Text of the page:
Once you finish a feature or reach a major landmark, it’s time for…
In a big company with big software, this is done by a team of people. In a small company, it might just be a couple of people. In a really small project, you might do this yourself. The goal is to find bugs or design flaws. A bug is when the program does something that the programmer doesn’t intend, like always print January 1, 1970 for today’s date. Or crash. A design flaw is when the program is doing what you expected, but it’s still not satisfactory for some reason.
Tester: The program runs really, really slow on graphics cards with only 64MB of memory.
Programmer: I didn’t know you wanted it to run on graphics cards with only 64MB of memory.
In my experience, design flaws are usually the result of an oversight that happened during the “design” phase. You’ll end up going back to the drawing board and fixing problems you (or your boss) failed to anticipate. Sometimes this will be because you didn’t think the problem through. Sometimes it will be because you weren’t given clear objectives. Programmers and their managers blame each other a lot, and you can always find amusing or tragic anecdotes about friction between the two. This conflict is one of the ongoing themes in Dilbert. In truth, designing software is a big job and any decent-sized project is bound to have lots of misunderstandings like this.
And of course testing leads inexorably to…
The old axiom applies: “Programming is debugging.” Your program will fail in various ways that you never discovered, and you’ll have to fix these problems. This is the part of the job that requires the most intuition. Once your program goes through testing, you’ll be given a list of problems, errors, bugs, and crashes.
The trick here is that people will explain problems to you, and their description will often be confusing or misleading. They aren’t tying to annoy you, they simply don’t understand your job, which is fine.
Hey, when I select an option from the menu, nothing happens.
Hm. You try it yourself, and it seems to work fine. What’s going on here? You’ll spin your wheels for a while. Eventually you’ll go and try to duplicate the problem on the tester’s computer. You try it, and it still works just fine. You ask the tester to show you the problem while you’re looking. They do, and you notice that they’re using the keyboard to navigate menus instead of the mouse. Sure enough, highlighting an option and hitting the enter key doesn’t do anything. You forgot to set up the keyboard handler, because you always use the mouse for stuff like this.
This is where you’ll really get better with experience. A senior and junior programmer might both be equally smart, and (if they’re using a new language) they might both have the same amount of experience with the given language. But the senior programmer will be able to cut to the heart of a misunderstanding like this much faster. As in, the new kid will spend hours on a wild goose chase and the old-timer will perceive the root of the problem in a few seconds.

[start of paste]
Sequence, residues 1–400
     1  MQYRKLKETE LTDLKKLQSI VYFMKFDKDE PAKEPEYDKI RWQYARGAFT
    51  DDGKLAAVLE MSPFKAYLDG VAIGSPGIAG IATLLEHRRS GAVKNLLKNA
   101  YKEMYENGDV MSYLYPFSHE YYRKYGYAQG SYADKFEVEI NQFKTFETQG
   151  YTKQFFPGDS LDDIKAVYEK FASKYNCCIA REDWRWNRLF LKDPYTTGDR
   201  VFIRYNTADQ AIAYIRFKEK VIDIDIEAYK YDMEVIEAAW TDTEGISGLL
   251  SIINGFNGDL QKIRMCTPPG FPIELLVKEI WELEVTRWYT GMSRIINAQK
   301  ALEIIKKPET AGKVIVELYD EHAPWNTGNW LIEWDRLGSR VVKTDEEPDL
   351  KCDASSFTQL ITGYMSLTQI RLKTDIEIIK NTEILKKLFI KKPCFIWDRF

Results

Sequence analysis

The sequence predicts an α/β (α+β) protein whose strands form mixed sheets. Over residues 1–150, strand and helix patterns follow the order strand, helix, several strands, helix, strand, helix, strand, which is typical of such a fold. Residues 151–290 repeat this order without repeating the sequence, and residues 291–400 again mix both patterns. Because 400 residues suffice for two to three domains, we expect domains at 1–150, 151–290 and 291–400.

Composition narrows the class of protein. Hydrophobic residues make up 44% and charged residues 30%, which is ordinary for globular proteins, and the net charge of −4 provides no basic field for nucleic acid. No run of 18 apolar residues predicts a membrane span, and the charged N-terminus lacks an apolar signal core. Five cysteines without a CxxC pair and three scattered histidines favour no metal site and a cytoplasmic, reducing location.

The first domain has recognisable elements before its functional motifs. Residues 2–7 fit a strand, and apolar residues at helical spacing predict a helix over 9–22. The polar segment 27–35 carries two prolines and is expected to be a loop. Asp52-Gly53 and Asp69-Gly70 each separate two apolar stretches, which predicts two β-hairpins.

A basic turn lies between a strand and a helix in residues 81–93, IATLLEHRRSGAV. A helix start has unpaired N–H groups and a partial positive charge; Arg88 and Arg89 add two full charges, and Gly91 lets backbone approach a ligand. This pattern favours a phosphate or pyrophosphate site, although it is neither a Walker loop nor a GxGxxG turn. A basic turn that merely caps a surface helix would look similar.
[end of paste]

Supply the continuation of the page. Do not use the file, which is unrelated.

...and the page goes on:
Do not scorn the older programmers. If you’re fresh out of college, you might be tempted to think of yourself as the New Hotness because you can work longer and faster than someone in their fifties. You might even have the hubris to imagine you’re “better” because you can output (say) twice as many lines of code. But I would urge you to keep your hubris in check. In college, they never teach you just how much you don’t know. You will spend the first few years of your career learning this the hard way, and it will help a great deal if you don’t make a fool of yourself in the process.
There are other duties that orbit these basics. Maybe you’ll dabble in hardware. Maybe (like me) you’ll end up writing a lot of documentation. Maybe (like me) you’ll be called on to take technical concepts and explain them to non-technical people. Maybe you’ll specialize in writing software for use by people in your company. Maybe you’ll write software that is sold to large clients. You might even end up working on software that gets put in a box and sits on the shelf at Wall-Mart. It all depends on where you end up and what they decide to do with you.
So that’s the job. After all these years, I’m still comfortable calling it “a good gig”. It’s not for everyone, but there are a number of people who can derive a lot of satisfaction from the work.
Quakecon 2011 Keynote Annotated
An interesting but technically dense talk about gaming technology. I translate it for the non-coders.
Spec Ops: The Line
A videogame that judges its audience, criticizes its genre, and hates its premise. How did this thing get made?
A video Let's Play series I collaborated on from 2009 to 2017.
Batman v. Superman Wasn't All Bad
It's not a good movie, but it was made with good intentions and if you look closely you can find a few interesting ideas.
Mass Effect Retrospective
A novel-sized analysis of the Mass Effect series that explains where it all went wrong. Spoiler: It was long before the ending.